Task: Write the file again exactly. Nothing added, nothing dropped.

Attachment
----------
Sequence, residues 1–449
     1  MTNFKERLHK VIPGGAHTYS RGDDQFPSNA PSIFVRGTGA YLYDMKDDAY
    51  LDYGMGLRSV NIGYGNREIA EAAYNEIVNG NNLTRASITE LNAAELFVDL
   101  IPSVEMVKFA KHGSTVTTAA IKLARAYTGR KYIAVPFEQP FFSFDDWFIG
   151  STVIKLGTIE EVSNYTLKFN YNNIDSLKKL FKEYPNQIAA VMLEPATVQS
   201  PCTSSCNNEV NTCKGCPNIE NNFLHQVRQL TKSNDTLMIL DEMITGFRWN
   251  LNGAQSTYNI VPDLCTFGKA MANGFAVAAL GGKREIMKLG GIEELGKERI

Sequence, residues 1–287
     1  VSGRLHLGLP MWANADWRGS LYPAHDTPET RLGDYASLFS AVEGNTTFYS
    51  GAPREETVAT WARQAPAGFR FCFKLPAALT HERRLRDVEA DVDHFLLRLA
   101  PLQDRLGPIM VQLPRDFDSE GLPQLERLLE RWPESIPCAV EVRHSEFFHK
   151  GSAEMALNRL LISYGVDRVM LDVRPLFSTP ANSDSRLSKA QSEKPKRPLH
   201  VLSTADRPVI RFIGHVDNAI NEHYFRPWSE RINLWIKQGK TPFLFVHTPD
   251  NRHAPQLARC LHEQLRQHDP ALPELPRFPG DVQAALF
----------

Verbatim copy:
Sequence, residues 1–449
     1  MTNFKERLHK VIPGGAHTYS RGDDQFPSNA PSIFVRGTGA YLYDMKDDAY
    51  LDYGMGLRSV NIGYGNREIA EAAYNEIVNG NNLTRASITE LNAAELFVDL
   101  IPSVEMVKFA KHGSTVTTAA IKLARAYTGR KYIAVPFEQP FFSFDDWFIG
   151  STVIKLGTIE EVSNYTLKFN YNNIDSLKKL FKEYPNQIAA VMLEPATVQS
   201  PCTSSCNNEV NTCKGCPNIE NNFLHQVRQL TKSNDTLMIL DEMITGFRWN
   251  LNGAQSTYNI VPDLCTFGKA MANGFAVAAL GGKREIMKLG GIEELGKERI

Sequence, residues 1–287
     1  VSGRLHLGLP MWANADWRGS LYPAHDTPET RLGDYASLFS AVEGNTTFYS
    51  GAPREETVAT WARQAPAGFR FCFKLPAALT HERRLRDVEA DVDHFLLRLA
   101  PLQDRLGPIM VQLPRDFDSE GLPQLERLLE RWPESIPCAV EVRHSEFFHK
   151  GSAEMALNRL LISYGVDRVM LDVRPLFSTP ANSDSRLSKA QSEKPKRPLH
   201  VLSTADRPVI RFIGHVDNAI NEHYFRPWSE RINLWIKQGK TPFLFVHTPD
   251  NRHAPQLARC LHEQLRQHDP ALPELPRFPG DVQAALF